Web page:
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Ahinsan Camp Prison receives a 10-seater WC toilet facility 


Ahinsan Camp Prison in the Adansi District of the Ashanti Region has received a ten-seater water closet toilet facility to prevent the outbreak of diseases.

The facility which came with an overhead tank will improve the personal health and safety of prison inmates.

Donated by Vivo Energy Ghana, it forms part of their Retailer Sustainability Programme, launched to ensure decentralization of developmental support to communities, where it operates, as well as combating Coronavirus.

Corporate Communications Manager, Shirley Tony Kum, who read a speech on behalf of the Managing Director noted that it was complementing the government’s efforts to combat COVID-19.

She said that the project came to light after assessments were made with the prison authorities thus, the provision of the facility.

“It became evident that the inmates needed a decent place of convenience to prevent the outbreak of diseases and promote good health and living conditions”

“We provided the needed funds and materials for the construction of the 10-seater facility for the camp and we are happy to commission this facility”, she said.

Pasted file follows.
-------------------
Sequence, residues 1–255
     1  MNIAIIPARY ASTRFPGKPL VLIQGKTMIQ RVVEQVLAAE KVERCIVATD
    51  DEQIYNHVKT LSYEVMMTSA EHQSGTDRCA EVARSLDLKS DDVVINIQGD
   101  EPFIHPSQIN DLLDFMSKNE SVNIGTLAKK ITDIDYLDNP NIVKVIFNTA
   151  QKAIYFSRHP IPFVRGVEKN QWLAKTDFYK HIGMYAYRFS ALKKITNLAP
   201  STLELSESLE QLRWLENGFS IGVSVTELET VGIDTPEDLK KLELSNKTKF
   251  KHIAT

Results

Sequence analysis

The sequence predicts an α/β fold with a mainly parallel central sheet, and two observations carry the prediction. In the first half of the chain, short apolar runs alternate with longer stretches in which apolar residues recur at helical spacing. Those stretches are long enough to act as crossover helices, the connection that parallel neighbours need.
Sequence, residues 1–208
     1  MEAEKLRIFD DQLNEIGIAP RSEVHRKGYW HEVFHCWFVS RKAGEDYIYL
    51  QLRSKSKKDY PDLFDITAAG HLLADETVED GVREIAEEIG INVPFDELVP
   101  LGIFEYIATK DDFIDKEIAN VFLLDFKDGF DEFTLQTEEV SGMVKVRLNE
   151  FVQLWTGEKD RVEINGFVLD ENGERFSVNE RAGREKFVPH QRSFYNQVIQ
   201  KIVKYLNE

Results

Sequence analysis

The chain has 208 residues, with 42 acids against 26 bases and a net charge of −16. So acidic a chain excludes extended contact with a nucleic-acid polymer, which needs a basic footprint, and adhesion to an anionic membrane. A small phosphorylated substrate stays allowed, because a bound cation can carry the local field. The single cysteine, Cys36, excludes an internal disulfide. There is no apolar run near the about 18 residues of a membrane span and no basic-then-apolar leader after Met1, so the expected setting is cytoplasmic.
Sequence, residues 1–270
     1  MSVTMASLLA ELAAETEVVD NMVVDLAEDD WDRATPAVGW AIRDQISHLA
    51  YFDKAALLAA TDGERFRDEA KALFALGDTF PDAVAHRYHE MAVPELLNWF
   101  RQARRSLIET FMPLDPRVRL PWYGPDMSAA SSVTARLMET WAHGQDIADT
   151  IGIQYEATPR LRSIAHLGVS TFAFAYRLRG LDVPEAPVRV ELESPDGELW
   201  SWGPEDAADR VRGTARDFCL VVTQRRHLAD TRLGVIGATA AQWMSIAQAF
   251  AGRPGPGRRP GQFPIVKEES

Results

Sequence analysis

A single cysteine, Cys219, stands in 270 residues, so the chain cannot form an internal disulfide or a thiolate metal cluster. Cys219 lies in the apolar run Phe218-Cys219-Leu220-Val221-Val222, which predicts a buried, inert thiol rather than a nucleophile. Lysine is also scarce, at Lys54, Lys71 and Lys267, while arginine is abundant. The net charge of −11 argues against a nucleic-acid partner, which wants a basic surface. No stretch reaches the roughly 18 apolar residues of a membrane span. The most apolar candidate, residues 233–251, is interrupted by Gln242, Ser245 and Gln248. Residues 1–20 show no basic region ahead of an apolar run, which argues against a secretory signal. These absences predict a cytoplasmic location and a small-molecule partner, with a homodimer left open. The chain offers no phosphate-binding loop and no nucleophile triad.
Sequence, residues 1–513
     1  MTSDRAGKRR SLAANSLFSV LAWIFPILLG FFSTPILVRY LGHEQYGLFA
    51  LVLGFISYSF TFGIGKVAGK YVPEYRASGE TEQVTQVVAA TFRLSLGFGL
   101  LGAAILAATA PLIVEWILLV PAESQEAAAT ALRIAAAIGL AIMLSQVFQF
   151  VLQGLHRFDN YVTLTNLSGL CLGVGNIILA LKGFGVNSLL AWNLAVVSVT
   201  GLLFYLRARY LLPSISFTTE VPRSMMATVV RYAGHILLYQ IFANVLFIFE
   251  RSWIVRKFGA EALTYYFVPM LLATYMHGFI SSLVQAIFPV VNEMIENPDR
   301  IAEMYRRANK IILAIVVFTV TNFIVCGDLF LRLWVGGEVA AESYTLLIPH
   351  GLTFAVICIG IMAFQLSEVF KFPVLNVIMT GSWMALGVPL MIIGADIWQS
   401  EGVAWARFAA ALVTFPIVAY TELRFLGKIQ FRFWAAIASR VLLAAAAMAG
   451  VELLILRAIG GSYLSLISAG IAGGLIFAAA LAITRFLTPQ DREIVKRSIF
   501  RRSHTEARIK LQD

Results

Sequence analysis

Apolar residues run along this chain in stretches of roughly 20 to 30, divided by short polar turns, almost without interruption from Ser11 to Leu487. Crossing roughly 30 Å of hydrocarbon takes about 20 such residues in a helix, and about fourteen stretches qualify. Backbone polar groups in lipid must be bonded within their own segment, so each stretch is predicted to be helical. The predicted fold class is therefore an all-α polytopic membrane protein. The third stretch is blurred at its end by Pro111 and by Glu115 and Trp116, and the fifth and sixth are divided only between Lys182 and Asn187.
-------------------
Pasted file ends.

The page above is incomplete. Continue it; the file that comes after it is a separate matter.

Madam Shirley reiterated the company’s commitment to communities as a partner in sustainable development and thanked the donors who contributed towards the project.

The Station Commander of the Prison Camp, Superintendent Edward TabiKokro said the facility came at a time when they had to resort to using a dilapidated wooden structure as a place of convenience, exposing them to infectious diseases.

“I must say that the construction of the facility has ended the long challenge for a decent toilet for inmates and the beauty of this is that it is the handiwork of inmates under the supervision of officers”, he added.

The Vivo Energy Sustainability Programme has benefited various institutions such as the National Commission for Civic Education (NCCE), Tamale Teaching Hospital, Kenyasi Health Centre, Effienkwanta Regional hospital among others.


Prisoners at the Ahinsan Camp Prison has for over 27 years faced a problem of the indecent and unsafe place of responding to nature’s call, which was hit conveniently for the inmates.

They resort to the use of wooden structures which exposed them to infectious diseases.

By Agnes Melissa Yovo |




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